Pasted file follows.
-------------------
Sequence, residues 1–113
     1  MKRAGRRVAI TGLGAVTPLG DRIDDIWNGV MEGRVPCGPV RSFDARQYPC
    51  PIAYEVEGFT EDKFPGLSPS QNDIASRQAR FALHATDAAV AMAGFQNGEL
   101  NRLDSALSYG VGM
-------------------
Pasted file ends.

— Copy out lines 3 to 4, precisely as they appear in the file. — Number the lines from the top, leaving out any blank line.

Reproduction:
    51  PIAYEVEGFT EDKFPGLSPS QNDIASRQAR FALHATDAAV AMAGFQNGEL
   101  NRLDSALSYG VGM